For Andrew Hammond, a Scotsman and the historian and curator of the International Spy Museum in D.C., the loss of iconic actor Sean Connery this week at the age of 90 hits particularly hard.
“As a Scot, someone from the same country, it’s a great loss and a deep loss,” Hammond told WTOP on Saturday. “For spy fans and people who are from Scotland, but also for anyone who’s ever loved having the lights out and escaping through the lens of cinema, it’s just a great loss.”
James Bond movies, Hammond said, have taught lots of people what they know about being a spy, even if many of them are pure fantasy.
Connery played Ian Fleming’s James Bond character in seven films, starting with “Dr. No” in 1962. The 6-foot-2, rakishly handsome former soccer player, epitomized the role, according to Hammond.
“For me, Sean Connery was to James Bond what Abraham Lincoln was to the American President,” Hammond said. “He set the stage for everything else.”
But, Hammond advised, Connery’s version of James Bond, while built for the big screen, wouldn’t have been a good real-life spy.
“A devastatingly handsome, 6-foot-2 Scot, who drives flashy cars, not so great at blending into the background,” Hammond said, noting that a more accurate depiction of a spy came from John le Carre, who wrote about George Smiley.
“Sean Connery, he was across-the-room handsome,” Hammond said. “As a spy, quite often, you have to blend in. You have to be plain, you don’t want attention brought to you. So someone like Smiley was a more realistic spy.”
But, Fleming, who penned the novels and created James Bond was a former intelligence officer, so some of the stories hold up to real life.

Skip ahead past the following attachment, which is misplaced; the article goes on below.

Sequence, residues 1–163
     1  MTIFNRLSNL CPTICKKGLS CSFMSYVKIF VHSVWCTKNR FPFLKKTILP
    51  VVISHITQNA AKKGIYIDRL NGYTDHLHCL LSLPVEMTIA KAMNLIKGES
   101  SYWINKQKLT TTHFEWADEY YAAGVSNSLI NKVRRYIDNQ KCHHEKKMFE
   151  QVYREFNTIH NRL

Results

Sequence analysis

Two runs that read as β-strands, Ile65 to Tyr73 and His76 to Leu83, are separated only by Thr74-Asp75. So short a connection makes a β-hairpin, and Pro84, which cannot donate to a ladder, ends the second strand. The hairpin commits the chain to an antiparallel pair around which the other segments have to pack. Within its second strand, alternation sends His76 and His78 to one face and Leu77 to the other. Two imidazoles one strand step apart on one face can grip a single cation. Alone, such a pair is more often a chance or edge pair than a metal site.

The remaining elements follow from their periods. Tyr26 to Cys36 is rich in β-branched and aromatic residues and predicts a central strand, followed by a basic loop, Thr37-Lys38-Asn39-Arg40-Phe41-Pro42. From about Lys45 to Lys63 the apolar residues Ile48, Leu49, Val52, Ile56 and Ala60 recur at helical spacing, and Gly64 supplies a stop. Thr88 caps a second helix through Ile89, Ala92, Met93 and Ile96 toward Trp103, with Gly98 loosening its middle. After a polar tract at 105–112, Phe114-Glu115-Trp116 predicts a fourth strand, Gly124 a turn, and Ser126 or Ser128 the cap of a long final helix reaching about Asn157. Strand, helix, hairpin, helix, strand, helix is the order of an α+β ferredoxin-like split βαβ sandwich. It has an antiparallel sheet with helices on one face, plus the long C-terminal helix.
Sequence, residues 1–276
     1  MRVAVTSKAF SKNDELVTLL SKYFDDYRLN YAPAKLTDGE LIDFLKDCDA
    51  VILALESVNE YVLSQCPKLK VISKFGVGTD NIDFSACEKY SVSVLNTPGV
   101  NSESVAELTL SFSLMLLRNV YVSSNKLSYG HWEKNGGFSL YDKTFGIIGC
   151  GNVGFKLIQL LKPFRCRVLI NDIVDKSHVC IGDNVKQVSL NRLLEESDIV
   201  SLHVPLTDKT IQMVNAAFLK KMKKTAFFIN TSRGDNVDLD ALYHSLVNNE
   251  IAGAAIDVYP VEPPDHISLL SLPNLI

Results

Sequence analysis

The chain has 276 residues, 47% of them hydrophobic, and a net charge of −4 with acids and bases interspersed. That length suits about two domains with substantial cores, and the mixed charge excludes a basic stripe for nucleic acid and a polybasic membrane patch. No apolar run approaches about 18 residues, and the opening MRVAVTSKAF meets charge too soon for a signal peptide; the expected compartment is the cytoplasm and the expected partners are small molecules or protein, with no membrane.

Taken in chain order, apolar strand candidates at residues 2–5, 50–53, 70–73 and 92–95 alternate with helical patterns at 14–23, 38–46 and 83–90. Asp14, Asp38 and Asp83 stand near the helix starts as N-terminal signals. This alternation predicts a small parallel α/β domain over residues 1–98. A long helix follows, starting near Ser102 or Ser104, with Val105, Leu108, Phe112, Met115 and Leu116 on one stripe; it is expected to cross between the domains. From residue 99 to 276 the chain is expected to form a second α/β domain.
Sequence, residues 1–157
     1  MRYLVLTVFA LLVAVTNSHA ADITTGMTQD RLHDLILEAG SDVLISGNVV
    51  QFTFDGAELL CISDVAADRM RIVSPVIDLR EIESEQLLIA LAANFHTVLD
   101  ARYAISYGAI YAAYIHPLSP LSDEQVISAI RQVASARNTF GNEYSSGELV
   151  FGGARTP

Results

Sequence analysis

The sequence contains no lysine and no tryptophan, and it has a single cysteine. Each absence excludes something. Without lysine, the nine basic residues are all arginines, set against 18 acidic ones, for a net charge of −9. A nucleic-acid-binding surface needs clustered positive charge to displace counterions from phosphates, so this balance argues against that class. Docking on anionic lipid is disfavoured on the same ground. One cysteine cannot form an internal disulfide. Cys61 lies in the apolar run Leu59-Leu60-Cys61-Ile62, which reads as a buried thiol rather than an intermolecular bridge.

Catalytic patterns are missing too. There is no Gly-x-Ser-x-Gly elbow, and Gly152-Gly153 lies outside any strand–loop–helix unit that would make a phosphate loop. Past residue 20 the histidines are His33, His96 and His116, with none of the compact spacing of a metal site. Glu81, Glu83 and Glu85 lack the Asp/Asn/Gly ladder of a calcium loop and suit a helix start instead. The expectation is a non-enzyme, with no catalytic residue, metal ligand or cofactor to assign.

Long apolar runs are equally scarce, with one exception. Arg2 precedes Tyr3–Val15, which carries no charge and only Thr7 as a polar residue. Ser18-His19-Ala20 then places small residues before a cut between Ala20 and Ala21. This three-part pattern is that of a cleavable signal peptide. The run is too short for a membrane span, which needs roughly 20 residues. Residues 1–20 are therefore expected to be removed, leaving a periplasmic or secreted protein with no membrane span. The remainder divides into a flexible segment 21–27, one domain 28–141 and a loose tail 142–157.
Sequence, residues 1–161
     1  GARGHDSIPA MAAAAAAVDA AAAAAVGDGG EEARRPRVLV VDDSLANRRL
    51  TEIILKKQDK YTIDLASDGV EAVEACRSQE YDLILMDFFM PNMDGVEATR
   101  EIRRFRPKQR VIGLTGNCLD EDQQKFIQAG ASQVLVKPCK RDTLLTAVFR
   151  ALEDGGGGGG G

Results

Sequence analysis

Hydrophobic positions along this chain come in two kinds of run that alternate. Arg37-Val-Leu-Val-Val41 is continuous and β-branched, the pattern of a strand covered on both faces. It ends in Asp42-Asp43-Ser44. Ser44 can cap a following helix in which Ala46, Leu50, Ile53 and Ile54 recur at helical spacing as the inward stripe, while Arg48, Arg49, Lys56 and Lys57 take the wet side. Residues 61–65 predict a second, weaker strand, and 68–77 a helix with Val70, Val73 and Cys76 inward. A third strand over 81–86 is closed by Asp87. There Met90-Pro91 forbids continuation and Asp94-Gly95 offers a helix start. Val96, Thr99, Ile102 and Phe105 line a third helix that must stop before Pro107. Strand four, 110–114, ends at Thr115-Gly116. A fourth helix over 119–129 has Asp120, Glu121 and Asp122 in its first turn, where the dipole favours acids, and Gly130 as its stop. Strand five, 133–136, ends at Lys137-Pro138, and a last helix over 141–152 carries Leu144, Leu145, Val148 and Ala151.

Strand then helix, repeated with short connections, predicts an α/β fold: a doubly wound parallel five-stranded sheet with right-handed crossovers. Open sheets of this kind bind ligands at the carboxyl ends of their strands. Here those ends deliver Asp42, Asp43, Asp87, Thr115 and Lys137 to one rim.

“The ex-head of MI6 said the only real thing James Bond had in common with real spies was a love of gadgets and a fierce passion to defend Great Britain. That’s where he said the reality and fiction parted,” Hammond added.
WTOP’s entertainment editor, Jason Fraley offered an appreciation of Connery’s work beyond the Bond character, writing:
Not only was he a box-office sensation, he was an accomplished performer for the biggest directors of all time, including Alfred Hitchcock in “Marnie” (1964), John Huston in “The Man Who Would Be King” (1977) and Sidney Lumet in “Murder on the Orient Express” (1974).
After a cult classic in the fantasy-action flick “Highlander” (1986), he won his long overdue Oscar in Brian De Palma’s gangster flick “The Untouchables” (1987), helping Kevin Costner take down Robert De Niro’s Al Capone.
When Steven Spielberg and George Lucas needed someone to play Harrison Ford’s father, they turned to Connery for the mega hit “Indiana Jones and the Last Crusade” (1989), joining Indy on an adventurous quest for the Holy Grail.
Hammond agreed: “It’s a great loss across the board,” he said.
WTOP’s Mike Murillo contributed to this report.